The beam angle is the angle between the two opposite directions over the beam axis for which the luminous intensity is half that of the maximum luminous intensity. Put more simply, the beam angle is the angle at which light is emitted from a source. To visualize this, picture a flashlight emitting a three-dimensional “cone” of light. At its source (the surface of the flashlight), it is the size of the flashlight’s diameter. As it is emitted, it radiates outwardly and the field becomes larger.

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Inverse Square Law

The inverse square law dictates that a specified physical quantity is inversely proportional to the square of the distance from its source. In other words, the intensity of light at any given distance from a device equals the inverse of the square of the distance from the source. Intensity decreases the further away from the source you are. The inverse square law dictates that if the source is 2 times as far away, the light is ¼ as intense as at the source. If it’s 10 times farther away, the radiation exposure is 100 times less.

Minimum Usage Distance

This is the recommendation as to how far away from the device you should be during therapy. For most red light therapy panels, the minimum recommended distance is approximately four to six inches.

Light Density (Intensity)

Light density simply means the intensity of light emitted from the surface of its source. The unit of measure for light density (L) is calculated in candela per square meter (cd/m²). One candela is the luminous intensity of a source that emits radiation at a frequency of 540 × 1012 Hz and has a radiant intensity of 1/683 watt per steradian, which is a measure of circular surface area. (Take heart: You will understand more about the differences between red light therapy beam angles even if you are not a mathematician!)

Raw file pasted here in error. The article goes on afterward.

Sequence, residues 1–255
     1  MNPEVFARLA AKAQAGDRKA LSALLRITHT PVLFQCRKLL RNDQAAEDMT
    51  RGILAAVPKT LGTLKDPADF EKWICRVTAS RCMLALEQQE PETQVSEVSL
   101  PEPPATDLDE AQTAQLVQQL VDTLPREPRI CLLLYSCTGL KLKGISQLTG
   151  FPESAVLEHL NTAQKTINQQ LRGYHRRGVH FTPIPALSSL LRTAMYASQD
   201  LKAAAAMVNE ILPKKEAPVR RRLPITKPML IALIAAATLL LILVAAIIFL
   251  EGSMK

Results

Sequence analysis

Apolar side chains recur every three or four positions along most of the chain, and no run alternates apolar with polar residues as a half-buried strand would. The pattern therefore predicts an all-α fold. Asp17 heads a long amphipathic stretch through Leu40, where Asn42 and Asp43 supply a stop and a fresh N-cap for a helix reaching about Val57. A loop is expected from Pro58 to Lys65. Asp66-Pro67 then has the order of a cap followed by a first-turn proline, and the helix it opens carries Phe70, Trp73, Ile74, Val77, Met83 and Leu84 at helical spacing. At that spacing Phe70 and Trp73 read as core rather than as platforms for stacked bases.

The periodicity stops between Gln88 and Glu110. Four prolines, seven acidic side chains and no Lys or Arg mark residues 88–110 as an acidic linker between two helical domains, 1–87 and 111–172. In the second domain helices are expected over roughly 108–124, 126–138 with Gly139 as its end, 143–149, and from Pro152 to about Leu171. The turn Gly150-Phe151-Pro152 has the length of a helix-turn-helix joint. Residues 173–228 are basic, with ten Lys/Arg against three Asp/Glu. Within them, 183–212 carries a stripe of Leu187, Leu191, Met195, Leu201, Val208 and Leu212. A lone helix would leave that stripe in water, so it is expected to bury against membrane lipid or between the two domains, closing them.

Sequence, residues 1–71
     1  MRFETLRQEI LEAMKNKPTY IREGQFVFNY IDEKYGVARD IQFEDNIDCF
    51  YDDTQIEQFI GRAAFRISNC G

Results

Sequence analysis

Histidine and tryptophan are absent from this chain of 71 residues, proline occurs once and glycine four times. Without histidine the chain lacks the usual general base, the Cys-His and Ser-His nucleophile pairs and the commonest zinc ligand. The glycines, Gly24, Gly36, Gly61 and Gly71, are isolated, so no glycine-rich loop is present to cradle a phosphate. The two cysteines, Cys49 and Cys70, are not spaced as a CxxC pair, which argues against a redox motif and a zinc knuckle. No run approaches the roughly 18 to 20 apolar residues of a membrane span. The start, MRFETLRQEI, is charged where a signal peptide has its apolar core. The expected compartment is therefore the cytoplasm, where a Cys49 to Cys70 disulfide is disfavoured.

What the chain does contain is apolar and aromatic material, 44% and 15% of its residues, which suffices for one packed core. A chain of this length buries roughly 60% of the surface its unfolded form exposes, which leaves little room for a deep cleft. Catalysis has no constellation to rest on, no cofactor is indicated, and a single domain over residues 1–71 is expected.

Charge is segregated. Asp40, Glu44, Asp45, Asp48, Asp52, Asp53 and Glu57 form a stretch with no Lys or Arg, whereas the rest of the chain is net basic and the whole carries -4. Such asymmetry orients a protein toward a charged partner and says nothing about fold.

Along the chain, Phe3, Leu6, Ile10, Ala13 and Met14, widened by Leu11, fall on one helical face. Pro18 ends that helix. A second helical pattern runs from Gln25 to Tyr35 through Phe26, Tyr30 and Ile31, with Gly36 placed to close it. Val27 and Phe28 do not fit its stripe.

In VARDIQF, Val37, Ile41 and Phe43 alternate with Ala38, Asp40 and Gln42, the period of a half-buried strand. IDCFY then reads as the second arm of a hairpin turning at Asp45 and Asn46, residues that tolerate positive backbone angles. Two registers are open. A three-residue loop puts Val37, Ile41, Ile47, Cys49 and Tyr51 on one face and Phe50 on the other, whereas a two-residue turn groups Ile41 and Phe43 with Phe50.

Light Irradiance

Irradiance is the amount of light energy from its source hitting a square meter of its target each second. As opposed to light density, irradiance relies upon the energy connecting with the target rather than the energy level at its source. The unit of measure for irradiance is watts per square meter (Wm²) (Read more about irradiance in red light therapy)

Light Refraction

Light refraction is the bending of light from one transparent substance into another. Refraction makes it possible for us to have light-altering lenses, magnifying glasses, prisms, and rainbows. Even our daily eyesight depends upon this bending of light.

Light Scatter

When light passes through one medium to another (air, for example) part of that light is absorbed by particles of the medium preceded by its ultimate source of absorption.